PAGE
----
Wednesday, October 28, 2015

Catholic Book Club: When Saint Francis Saved the Church

Hello all, and welcome to October's installment of the Catholic Book Club! After taking a small sabbatical from an official reading list over the summer, I'm enjoying the renewed structure that we set up this fall. I hope that you are as well. I've been on a real St. Francis kick lately (I even named my new Kindle Paperwhite after him :0) and today's book follows on that theme. This month I read When Saint Francis Saved the Church: How a Converted Medieval Troubadour Created a Spiritual Vision for the Ages by Jon M. Sweeney. A mouthful of a title, yes it is true. :) And so what did I think? Let's start with the structure and content of the book, and then move more into an analysis. Here is the summary, from Amazon:
Jon M. Sweeney, author of numerous popular books on St. Francis as well as the recent bestseller The Pope Who Quit, offers a surprising new look at the world's most popular saint, showing how this beloved, but often-mythologized character created a spiritual vision for the ages and may very well have rescued the Christian faith.

In When Saint Francis Saved the Church, popular historian Jon Sweeney presents an intriguing portrait of Francis beyond the readily familiar stories and images. In the tradition of Thomas Cahill's How the Irish Saved Civilization, Sweeney reveals how the saint became a hinge in the history of the Christian faith and shows how in just fourteen years--from 1205 to 1219--the unconventional and stumbling wisdom of a converted troubadour changed the Church. Sweeney outlines Francis's revolutionary approach to friendship, "the other" (people at the margins), poverty, spirituality, care (for people, creatures, and the natural world), and death. This vibrant book presents the unsullied life and message of Francis in its essential details, offering a sweeping, informative, remarkable look at how Francis and his movement quite literally saved the Christian faith--and continues to offer a spiritual vision with contemporary relevance.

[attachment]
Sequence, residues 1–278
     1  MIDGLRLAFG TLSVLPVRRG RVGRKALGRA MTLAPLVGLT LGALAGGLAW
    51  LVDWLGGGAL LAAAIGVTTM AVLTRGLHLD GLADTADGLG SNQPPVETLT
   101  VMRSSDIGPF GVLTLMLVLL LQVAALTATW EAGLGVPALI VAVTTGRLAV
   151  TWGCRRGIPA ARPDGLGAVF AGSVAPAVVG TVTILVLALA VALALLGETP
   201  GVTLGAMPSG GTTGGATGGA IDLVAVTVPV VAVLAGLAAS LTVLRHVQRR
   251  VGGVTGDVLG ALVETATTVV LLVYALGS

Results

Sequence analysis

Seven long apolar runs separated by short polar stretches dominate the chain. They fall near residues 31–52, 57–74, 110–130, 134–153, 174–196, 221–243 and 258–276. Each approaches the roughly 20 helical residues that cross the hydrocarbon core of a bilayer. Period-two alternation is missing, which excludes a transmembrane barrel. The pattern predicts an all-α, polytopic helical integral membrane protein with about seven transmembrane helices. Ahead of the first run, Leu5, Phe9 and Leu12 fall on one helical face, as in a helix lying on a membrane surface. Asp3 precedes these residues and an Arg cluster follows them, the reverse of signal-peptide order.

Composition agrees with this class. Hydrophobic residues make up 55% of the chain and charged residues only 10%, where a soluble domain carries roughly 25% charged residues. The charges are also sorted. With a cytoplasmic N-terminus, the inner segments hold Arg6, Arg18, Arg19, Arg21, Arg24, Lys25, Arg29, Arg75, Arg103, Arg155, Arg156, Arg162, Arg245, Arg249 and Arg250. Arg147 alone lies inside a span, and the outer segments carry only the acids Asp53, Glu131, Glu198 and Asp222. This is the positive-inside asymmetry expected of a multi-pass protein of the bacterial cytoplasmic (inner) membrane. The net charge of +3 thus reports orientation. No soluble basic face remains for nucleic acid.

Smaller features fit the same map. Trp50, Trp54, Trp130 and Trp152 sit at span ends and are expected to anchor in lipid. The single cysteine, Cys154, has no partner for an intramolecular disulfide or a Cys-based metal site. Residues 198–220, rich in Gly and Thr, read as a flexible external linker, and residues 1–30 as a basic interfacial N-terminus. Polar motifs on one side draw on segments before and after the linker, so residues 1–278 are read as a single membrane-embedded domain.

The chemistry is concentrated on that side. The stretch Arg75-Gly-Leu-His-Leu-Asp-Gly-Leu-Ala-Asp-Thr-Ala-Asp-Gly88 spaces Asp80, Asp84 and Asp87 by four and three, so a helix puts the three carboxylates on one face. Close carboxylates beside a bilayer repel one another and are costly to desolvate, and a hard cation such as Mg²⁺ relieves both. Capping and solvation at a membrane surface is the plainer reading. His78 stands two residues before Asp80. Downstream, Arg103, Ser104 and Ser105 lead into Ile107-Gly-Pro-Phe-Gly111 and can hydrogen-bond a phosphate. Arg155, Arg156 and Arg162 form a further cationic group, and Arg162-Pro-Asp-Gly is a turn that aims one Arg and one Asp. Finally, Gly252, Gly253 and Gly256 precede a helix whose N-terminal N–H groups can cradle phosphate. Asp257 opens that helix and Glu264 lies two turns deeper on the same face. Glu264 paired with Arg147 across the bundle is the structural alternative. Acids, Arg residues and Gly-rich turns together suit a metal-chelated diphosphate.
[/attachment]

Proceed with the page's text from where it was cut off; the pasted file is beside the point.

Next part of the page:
OK, so interesting topic, yes? And certainly very timely. Pope Francis comes up quite a few times in the course of this book, with the author noting that we're seeing a bit of a Franciscan resurgence in recent years. It's certainly a beautiful thing, as the author mentions, that someone who lived so many centuries ago can still have such an impact on others and their relationship with God.

So, my observations. I thought this book was very well-written, and the author brings a lot of history and knowledge to the table. He is obviously a huge fan of St. Francis and the Franciscan order, and his passion really shines through. In fact, his love for the Franciscans causes him to contrast other religious orders, such as the Dominicans, in a somewhat unfavorable light. I don't think this was his intent, but as a Dominican I picked up on it a bit. ;-) For instance: 
"Francis watched his contemporaries in religious life, the Dominicans, focus their ministry on teaching right belief, and in stark contrast he focused entirely on right action." 
That sort of thing, nothing major. And I'm certain that others may have a different interpretation of these instances in the book. I simply noticed it as it came up multiple times.

I thought that this was a well-researched, informative book. It is structured around the major tenets of Franciscan spirituality (personal poverty, embracing all other people, caring for animals, etc.), which I thought presented the material in a comprehensive fashion, and I learned quite a lot about the Franciscan view of the world based upon this.

All of that being said, I did find the book a tad dry. I'm tough though when it comes to non-fiction. I have a short attention span and need to be entertained constantly. :) So when it comes to titles that read more in a text book style, I become easily distracted and bored. Thus, this is not a book that I would re-read. However, I would not hesitate to recommend it to someone wishing to read a book about the history of the Franciscans and the major themes of St. Francis's life.

Who else read this book, or perhaps another book by this author? Please chime in with your thoughts!

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